Paul himself tells the community of the Corinthians, “And there is nothing strange about Satan himself disguising himself as an angel of light. Therefore, it’s not much of a stretch to say that his ministers also disguise themselves as ministers of justice; however, his aim will be in line with his actions.”
For isn’t this the reason Catholics change their religion!? And when our priests are corrupted, isn’t it they who cause discouragement in the laity? And if our priests are mistaken, how much more mistaken are the rest of the assistants and those in charge of the parochial ministries (i.e. prayer groups, charismatic groups, seminarians, Knights of Columbus, Marians, members of Church courses, etc., etc., etc…), that is, those who don’t know anything about what they themselves teach and even less so about what it means to be a neighbor, despite having acquired gray hairs from the years of service in their ministries. That is, they’re still greenhorns even though they act like teachers.
For isn’t this the cause of deficiency in Church doctrine? Or are we going to continue blaming some mystical, invisible being!? Or sure, why not, let’s put the blame on some useless layman! That is, before deliberating about others, the Church should instead remove the log it has in its own pupil and correct itself first.
Jesus Christ calls such individuals: hypocritical Pharisees. Do we really need to be blind in order for us to not see the errors our priests make?
If we laymen, being learned in the doctrine and theology within the Catholic Church itself, feel the baleful rejection from our own Church, how do you suppose, dear reader, that unlearned laymen without advanced doctrinal knowledge would feel in discovering errors and not being able to find an answer to their controversy, or how about not having anyone to turn to for answers to their doubts!?
Isn’t it easier for this layman to leave the Catholic Church and form part of another religious denomination that’s waiting to receive them with open arms?
Let us recognize with sincerity the enormous task that we all have in the Church. Despite this consideration, our priests reject our efforts to help in evangelism; for, there are always people at hand to help with fundraisers and monetary collections in parishes, specially our very priests who, of course, shouldn’t be meddling in these matters.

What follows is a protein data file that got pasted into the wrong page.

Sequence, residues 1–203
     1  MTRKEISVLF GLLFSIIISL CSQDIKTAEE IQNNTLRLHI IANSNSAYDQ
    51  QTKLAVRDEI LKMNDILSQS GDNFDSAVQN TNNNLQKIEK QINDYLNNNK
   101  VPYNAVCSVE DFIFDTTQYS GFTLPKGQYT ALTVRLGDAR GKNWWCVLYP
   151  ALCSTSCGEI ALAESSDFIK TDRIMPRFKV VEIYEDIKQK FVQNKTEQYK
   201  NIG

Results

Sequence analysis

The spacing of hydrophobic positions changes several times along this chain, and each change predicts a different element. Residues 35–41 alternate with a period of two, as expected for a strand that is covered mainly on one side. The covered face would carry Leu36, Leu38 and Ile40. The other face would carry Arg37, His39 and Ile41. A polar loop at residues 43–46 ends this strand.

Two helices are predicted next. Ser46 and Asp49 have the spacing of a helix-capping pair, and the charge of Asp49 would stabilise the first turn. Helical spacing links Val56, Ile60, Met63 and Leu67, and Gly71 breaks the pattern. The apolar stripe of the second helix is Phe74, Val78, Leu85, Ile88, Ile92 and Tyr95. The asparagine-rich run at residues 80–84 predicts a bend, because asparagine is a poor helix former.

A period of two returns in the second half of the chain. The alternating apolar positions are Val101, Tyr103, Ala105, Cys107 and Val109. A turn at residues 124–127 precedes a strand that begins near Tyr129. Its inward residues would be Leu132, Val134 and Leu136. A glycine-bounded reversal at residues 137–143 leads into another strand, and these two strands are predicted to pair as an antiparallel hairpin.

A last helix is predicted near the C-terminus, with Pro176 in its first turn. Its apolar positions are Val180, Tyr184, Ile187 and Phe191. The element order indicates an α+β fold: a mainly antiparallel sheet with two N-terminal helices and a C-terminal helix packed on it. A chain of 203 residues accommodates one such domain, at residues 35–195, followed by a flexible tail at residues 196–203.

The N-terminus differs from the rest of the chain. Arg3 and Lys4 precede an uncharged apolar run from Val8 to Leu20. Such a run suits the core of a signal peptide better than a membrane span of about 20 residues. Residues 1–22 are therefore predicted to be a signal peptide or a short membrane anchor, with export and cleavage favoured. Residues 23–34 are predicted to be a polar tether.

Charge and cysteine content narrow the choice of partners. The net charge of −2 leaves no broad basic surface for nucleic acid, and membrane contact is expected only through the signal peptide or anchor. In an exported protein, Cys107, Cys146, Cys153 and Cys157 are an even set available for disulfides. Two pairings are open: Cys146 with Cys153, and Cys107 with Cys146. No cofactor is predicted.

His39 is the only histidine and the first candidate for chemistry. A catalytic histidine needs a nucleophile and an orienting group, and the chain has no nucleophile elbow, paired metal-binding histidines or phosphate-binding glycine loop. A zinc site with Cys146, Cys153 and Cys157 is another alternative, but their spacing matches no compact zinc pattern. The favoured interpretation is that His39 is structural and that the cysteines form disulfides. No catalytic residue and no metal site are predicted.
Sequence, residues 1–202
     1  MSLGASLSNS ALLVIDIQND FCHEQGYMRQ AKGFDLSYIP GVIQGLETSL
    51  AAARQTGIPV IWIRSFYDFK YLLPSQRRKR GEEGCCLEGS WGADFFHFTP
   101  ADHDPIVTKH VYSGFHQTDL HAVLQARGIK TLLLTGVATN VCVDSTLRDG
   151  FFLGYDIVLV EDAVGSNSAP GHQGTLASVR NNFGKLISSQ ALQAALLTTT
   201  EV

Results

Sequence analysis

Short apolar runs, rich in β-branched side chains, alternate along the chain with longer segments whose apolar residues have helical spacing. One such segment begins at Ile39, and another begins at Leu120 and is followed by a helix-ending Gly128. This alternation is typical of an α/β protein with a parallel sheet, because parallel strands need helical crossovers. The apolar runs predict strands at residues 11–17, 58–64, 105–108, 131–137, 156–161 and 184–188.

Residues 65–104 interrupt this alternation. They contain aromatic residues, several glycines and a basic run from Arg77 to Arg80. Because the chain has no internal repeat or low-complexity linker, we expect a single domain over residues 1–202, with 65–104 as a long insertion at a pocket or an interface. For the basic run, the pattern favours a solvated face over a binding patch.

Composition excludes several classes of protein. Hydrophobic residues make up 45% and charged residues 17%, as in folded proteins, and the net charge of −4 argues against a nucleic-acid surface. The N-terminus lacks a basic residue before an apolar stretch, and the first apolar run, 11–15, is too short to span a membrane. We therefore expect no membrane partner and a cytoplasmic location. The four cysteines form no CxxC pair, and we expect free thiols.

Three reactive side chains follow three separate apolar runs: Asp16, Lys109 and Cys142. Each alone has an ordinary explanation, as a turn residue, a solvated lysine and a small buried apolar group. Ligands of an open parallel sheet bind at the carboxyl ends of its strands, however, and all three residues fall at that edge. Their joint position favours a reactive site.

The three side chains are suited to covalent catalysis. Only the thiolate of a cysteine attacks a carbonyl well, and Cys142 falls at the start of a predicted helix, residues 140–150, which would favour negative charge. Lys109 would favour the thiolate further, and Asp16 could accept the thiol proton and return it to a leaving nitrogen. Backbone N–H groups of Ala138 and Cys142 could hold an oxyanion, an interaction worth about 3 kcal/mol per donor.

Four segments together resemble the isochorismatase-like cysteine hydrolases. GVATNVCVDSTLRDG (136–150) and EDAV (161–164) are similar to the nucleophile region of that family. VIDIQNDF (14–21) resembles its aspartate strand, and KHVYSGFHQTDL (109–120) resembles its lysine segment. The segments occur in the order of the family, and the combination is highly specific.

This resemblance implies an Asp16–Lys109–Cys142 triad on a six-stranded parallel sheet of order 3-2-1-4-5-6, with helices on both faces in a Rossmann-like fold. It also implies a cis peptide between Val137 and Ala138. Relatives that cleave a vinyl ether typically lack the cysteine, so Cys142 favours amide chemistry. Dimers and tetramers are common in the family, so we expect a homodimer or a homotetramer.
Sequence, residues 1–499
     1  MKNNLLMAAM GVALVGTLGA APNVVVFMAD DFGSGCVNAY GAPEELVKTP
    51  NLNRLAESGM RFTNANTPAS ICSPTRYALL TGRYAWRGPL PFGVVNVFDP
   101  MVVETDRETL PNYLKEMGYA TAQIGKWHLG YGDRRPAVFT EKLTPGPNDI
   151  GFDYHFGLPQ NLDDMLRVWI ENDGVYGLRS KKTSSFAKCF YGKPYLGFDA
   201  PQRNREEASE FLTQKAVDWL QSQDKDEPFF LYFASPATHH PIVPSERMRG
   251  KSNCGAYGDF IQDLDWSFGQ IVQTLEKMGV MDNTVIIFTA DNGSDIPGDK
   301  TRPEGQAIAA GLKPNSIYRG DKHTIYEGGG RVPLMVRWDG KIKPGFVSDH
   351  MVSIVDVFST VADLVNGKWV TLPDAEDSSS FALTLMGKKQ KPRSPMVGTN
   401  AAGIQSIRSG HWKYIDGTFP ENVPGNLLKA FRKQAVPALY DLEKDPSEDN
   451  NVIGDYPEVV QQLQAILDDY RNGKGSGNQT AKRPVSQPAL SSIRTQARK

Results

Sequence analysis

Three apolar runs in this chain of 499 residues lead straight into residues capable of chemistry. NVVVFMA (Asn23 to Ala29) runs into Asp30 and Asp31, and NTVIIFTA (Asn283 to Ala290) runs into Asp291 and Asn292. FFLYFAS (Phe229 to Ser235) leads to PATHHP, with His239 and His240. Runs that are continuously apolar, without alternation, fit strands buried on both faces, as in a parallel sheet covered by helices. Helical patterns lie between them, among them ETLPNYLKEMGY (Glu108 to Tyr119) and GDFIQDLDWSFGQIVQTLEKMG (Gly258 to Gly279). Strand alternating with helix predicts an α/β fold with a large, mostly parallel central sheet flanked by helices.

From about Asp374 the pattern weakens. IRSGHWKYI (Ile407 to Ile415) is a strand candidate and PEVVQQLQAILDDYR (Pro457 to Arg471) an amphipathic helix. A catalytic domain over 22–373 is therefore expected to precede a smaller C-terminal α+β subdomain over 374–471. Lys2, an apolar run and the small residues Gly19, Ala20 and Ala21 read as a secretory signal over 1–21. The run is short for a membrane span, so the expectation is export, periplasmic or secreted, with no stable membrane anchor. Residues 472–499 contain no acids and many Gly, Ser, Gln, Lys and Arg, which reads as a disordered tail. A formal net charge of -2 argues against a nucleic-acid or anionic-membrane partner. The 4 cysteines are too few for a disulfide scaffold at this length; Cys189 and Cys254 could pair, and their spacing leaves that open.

Our priests love intermixing the collection of money with Evangelism, and therefore no one dedicates themselves to teaching or learning the Church’s doctrine; for money is king, and in every Ecclesiastical ministry, money always trumps everything else.
When it comes to real evangelical teaching, however, our Church lacks true evangelists, and when these evangelists appear, they are immediately exterminated by the very Church. Yes of course, Christ’s life keeps on being repeated over and over again. In the same way that the Jewish people condemned Christ, our Church nowadays repeatedly condemns and dismisses righteous lay-Catholics, faithful to Christ.
The Church, therefore, thinks it best for those “know-it-all” evangelists to not even show up because such evangelists will immediately be shut out from the Church. And we have to be cautious because as the saying goes, El diablo no es diablo por diablo, sino por viejo (i.e. A Spanish saying that roughly means: The devil isn’t who he is by the fact that he’s the devil but rather because of his old age). That is, over many years the Church has become expert and very knowledgeable in its craftiness of sequestering and exterminating whomever.
Of course, no worries: our Lord Jesus Christ was the first martyr or progenitor of martyrs who suffered extramurally, disparaged by his own people, and if this happened to the household owner, what won’t they do to the other household members, that is, what won’t the Church do to its own laymen?
Our Lord Jesus suffers and is very discontent with the many wrongs that the Church nowadays keeps repeating. He weeps on our altars and our eternal Father detains his hand against humanity only because of the tears of blood that his beloved Son sheds.
Only He is our neighbor, and He is the one who has mercy on us. Only He is the Eternal Priest who pleads on our behalf. Let us rectify our lives and iron out the imperfections so that God our Father desists from bringing catastrophes upon humanity.
Kind regards, blessings, and peace from us and the Lord Jesus.
And from your lowly brother:
Translation by León Jesuita.
Image Art by Javier Calvo.
Note: Our publication concerning the topic of one’s neighbor explains in greater detail the etymological origin of what a neighbor is, in addition to many other veritable and important points for understanding the truth enclosed in this mystery of one’s neighbor.
Look for our upcoming publications.